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CEO of Boeing Addresses Tough Questions on the Design of the 737 Max Plane

May 06, 2019

According to an online news report at, 6 months following the first of 2 fatal crashes of 737 Max jets, the chief executive officer of Boeing was addressed with tough questions from Boeing shareholders as well as reports regarding the safety of these types of aircraft.  The questioning occurred on Monday, April 29, 2019.*

According to the online report, the CEO, Dennis Muilenburg, adhered to the script in repeating the same phrase over and over again: that “the company ‘owns’ the responsibility to update its software, but does not precisely ‘own’ the disasters.” 

The recent plane accidents involving the 737 Max jets are linked to sensor readings that were erroneous. However, Boeing asserts that it is only “one link in a longer chain of events,” and is not the proof necessary to demonstrate that there was a flaw in the aircraft’s design or due to a process that is broken.

The CEO addressed tough questioning at a “testy” press conference following a meeting of Boeing’s shareholders where there was a call to split the roles of the chairman of the board and the company’s CEO, both positions of which are held by Muilenburg. However, this proposal was not approved.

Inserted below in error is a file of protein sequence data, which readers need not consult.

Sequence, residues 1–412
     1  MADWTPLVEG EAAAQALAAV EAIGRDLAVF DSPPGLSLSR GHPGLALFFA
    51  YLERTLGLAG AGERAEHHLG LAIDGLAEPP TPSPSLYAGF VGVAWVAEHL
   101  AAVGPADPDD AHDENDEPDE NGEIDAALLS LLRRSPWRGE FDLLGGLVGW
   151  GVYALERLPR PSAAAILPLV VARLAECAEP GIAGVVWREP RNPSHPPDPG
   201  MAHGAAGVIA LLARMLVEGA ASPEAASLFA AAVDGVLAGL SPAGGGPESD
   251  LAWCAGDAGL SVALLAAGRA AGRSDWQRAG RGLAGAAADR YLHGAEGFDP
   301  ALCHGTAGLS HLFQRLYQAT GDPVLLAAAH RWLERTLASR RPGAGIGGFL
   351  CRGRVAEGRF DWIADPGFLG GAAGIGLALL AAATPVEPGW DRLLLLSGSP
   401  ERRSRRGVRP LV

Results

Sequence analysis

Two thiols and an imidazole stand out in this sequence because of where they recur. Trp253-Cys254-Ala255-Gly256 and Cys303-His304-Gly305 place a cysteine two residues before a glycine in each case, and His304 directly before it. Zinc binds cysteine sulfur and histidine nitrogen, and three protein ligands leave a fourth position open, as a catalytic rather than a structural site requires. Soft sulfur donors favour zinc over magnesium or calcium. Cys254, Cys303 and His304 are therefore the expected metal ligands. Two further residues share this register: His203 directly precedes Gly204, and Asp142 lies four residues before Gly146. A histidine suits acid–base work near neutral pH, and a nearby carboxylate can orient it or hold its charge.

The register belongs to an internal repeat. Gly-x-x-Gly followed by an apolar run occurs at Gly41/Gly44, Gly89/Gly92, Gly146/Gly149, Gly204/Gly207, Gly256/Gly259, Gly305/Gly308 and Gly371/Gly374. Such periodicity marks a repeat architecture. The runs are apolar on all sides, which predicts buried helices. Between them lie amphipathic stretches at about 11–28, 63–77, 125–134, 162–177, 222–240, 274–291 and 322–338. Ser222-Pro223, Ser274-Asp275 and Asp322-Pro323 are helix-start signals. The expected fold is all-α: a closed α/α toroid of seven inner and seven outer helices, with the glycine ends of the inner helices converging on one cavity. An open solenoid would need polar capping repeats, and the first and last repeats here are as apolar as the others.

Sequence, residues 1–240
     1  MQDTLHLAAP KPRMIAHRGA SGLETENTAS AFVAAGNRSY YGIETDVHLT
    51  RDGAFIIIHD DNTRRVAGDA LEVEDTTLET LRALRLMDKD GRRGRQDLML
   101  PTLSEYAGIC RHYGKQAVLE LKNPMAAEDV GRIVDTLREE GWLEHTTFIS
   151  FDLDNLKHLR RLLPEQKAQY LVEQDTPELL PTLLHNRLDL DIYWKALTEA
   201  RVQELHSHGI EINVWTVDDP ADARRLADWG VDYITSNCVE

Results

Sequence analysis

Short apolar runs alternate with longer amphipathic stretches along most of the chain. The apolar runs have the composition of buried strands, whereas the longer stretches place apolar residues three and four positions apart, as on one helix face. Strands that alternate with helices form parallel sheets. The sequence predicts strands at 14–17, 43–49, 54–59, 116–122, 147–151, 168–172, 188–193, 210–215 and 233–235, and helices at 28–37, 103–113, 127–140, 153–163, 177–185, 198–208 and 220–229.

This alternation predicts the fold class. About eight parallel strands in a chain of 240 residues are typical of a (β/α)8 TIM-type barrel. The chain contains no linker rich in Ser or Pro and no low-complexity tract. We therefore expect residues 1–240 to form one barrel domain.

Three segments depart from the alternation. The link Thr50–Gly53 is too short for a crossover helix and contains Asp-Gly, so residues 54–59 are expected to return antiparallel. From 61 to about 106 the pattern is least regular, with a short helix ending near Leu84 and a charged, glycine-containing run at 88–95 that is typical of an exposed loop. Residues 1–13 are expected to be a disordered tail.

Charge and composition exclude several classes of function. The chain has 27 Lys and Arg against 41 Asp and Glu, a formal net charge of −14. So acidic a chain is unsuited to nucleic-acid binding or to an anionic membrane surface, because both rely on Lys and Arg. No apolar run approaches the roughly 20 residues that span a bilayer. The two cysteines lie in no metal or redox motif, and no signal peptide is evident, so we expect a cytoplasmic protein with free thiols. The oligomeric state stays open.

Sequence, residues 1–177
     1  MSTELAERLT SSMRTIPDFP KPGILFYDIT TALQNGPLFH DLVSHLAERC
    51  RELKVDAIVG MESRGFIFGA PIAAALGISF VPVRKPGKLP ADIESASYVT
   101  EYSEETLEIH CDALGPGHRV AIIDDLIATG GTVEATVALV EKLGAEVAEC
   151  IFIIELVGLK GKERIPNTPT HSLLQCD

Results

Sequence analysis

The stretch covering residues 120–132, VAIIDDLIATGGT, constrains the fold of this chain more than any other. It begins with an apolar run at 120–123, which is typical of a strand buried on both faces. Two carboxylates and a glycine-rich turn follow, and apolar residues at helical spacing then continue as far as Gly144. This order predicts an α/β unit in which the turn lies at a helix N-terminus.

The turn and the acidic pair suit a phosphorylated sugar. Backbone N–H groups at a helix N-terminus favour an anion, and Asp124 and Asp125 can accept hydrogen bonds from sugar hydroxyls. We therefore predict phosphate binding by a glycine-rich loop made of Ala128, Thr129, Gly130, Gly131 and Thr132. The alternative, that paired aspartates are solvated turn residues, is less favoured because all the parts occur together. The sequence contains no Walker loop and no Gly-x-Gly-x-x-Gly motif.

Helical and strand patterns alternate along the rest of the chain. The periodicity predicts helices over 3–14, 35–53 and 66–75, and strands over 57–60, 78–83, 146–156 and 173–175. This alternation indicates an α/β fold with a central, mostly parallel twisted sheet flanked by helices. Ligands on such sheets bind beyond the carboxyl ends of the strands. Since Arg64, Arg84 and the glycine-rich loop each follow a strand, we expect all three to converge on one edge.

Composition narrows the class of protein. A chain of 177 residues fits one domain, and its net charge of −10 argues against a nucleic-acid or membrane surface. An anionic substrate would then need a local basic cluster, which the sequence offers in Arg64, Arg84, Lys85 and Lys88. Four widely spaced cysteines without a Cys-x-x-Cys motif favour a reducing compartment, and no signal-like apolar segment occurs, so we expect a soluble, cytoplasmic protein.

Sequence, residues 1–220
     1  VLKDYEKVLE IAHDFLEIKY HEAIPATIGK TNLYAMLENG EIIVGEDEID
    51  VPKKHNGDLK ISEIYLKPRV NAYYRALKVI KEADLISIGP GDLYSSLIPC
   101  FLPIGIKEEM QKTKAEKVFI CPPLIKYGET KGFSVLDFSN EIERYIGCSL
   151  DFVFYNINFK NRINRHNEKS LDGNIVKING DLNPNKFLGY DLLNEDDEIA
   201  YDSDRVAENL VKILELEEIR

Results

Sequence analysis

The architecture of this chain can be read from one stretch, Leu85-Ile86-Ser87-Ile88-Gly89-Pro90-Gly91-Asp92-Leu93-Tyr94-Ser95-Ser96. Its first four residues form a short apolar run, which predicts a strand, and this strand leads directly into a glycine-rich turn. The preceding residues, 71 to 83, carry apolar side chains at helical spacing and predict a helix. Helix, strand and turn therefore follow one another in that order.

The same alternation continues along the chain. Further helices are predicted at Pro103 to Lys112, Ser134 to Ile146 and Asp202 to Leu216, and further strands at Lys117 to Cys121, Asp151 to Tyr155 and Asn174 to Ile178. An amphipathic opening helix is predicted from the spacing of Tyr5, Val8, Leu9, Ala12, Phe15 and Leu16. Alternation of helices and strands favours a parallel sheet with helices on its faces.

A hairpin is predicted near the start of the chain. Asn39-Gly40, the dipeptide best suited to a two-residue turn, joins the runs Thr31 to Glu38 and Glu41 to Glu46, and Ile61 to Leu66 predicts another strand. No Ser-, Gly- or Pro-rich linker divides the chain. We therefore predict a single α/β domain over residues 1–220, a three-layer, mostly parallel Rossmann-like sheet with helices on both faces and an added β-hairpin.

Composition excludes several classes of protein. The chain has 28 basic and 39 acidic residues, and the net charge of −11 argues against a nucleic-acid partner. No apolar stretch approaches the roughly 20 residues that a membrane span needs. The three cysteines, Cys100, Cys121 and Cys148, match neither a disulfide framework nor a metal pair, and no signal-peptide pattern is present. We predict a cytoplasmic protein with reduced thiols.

The company is under significant scrutiny due to the aircraft’s software system known as the Maneuvering Characteristics Augmentation System, also known as MCAS.  Boeing notes that the software is intended to augment the stability of the aircraft when it is “at an elevated angle of attack, so that it feels to pilots more like other 737s.”

"Pilots can override MCAS," NPR's Daniella Cheslow reported earlier this month. "But a lot of pilots say they didn't know the software existed until after the Lion Air crash. They say the manual did not explain it or provide explicit instructions on how to disable it."

In response, the CEO noted that "[t]here are multiple contributing factors. There are factors that we can control in the design and in this case that common link related to the MCAS system and its activation. We're going to break that link and this will prevent accidents like this from happening again."

In the meantime, all 737 Max jet plans continue to be grounded. Muilenburg indicates that Boeing is focused on getting them back in the air, safely. He also notes that Boeing will "do everything possible" to regain the trust of the public.

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Sources: and

Category: Personal Injury

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